Instead of using the Møllegabet channel to get to Ærøskøbing Harbour, you can sail eastwards around Dejrø, passing Ommelshoved Flak (Ommelshoved Flats) on the port side. The old marks for approach were used up until the 1970s and were tough to follow.
Today, however, without much difficulty but with glimpses on the chart plotter, sailors are able to put into port here. Pleasure crafts often put into the port of Kleven, which is a magnificent protected natural harbour with good options for anchorage. An old pier is located innermost in Kleven. Before getting there, you need to steer clear of several large rocks. In the era of sailing ships, Kleven was used for laying up schooners, galleasses and cutters for the winter. Ommel used to be a skipper’s town, and at its busiest, around 50 freight ships were based in Ommel and the neighbouring village of Kragnæs. The water depth reaches two metres at the end of the old pier. From the pier, the road leads into the skipper’s town, which much like the towns of Dragør on the island of Amager and Sønderho on the island of Fanø has a shambles of winding streets and lanes, where visitors may easily get lost. The town remains idyllic, and the local residents take good care of the harbour front and the pier, which has now been furnished with toilets and baths.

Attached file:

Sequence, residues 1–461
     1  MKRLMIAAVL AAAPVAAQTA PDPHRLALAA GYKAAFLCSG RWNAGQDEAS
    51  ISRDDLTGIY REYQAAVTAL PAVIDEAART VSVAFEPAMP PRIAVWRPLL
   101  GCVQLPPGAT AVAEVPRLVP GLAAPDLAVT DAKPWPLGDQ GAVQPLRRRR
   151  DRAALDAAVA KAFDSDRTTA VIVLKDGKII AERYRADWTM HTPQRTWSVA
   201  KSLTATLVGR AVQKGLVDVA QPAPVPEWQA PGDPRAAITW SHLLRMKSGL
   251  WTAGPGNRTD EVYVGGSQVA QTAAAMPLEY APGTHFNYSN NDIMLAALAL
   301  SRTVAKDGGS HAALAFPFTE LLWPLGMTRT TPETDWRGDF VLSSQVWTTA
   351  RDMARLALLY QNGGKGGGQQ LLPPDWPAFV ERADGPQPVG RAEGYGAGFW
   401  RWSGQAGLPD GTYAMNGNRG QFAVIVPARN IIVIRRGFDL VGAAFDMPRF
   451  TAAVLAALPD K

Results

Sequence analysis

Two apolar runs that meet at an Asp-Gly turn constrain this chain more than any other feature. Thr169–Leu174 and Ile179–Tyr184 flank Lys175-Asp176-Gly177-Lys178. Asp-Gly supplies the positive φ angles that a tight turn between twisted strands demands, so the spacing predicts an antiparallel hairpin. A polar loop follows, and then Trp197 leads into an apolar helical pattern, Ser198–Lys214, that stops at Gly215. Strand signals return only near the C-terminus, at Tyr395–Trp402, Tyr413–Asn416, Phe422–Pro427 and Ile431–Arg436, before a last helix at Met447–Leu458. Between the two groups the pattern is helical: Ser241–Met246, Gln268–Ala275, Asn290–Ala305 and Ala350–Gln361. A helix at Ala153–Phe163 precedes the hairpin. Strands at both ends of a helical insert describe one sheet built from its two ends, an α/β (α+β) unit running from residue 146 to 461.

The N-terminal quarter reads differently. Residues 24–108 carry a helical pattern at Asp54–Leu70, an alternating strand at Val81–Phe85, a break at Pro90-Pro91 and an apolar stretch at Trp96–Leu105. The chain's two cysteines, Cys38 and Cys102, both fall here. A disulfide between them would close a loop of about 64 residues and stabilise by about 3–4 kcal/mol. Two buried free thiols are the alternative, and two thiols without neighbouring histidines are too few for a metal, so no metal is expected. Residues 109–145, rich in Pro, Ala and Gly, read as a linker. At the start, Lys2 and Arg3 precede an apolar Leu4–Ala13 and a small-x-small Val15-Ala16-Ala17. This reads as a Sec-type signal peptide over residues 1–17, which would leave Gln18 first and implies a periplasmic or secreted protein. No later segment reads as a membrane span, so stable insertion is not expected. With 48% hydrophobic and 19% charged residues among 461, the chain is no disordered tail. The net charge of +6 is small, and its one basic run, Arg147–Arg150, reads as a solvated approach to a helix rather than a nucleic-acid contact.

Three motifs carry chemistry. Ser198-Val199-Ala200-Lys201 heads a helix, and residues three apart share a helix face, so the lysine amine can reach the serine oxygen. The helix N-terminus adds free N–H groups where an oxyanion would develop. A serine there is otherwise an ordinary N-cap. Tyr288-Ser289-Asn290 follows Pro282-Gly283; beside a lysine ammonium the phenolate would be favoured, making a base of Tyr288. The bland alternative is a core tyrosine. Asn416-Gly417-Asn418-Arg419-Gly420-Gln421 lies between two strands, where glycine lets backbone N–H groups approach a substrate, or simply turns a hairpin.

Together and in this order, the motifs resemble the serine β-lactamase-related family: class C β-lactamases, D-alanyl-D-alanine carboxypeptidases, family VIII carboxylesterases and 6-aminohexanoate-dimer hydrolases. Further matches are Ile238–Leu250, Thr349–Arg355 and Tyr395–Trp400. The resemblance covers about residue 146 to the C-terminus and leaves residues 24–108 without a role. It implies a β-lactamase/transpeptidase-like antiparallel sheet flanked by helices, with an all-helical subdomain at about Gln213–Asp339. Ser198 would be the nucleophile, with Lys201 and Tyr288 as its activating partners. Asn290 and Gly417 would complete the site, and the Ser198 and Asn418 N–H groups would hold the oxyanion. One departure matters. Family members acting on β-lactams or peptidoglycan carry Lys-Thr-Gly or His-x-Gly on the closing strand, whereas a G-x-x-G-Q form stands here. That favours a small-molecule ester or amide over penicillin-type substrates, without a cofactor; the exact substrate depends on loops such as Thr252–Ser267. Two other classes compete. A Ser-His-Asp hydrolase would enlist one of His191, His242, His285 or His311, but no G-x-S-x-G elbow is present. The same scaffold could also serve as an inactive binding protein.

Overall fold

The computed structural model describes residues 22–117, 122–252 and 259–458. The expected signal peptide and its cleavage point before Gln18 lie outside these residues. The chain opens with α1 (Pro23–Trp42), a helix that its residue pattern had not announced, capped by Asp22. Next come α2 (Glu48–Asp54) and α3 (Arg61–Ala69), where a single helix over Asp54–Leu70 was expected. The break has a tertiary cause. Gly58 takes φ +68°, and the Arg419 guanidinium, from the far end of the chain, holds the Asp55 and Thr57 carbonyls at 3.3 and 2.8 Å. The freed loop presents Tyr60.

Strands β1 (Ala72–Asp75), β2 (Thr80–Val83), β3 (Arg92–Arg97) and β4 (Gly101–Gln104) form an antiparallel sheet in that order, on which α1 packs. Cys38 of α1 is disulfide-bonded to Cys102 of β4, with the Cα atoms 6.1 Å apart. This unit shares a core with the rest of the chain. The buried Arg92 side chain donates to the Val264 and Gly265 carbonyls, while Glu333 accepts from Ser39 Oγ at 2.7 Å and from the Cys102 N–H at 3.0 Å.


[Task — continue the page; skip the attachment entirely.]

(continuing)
The southern part of the bay separating Ærøskøbing and Kleven is very shallow. Below the high country at Nevre is the island of Lilleø. This small and low island was once inhabited, and the soil was cultivated, however, the last residents left the island for good in 1898. Today, the island is grazed by sheep, and the island’s other inhabitants are herring gulls and arctic terns. Nørreholm, near the village of Kragnæs, is another grassy islet. Today, there is no foreland at Kragnæs, but there used to be, when Gråsten Nor (Gråsten Cove) cut deep inland, almost splitting Ærø in two. The waters were excellent for fishing, and a small ferry sailed across the cove, thus shortening the journey between “the two Ærø’s”. In 1856, Gråsten Nor was dyked and drained. The indented nature of Ærø’s coastline was even more pronounced before Gråsten Nor, Vitsø Nor, Stokkeby Nor, etc. were dyked – and this characteristic feature is thought to be the origin of the island’s name. Linguists have interpreted Ærø (or Erre) as meaning “the winding”.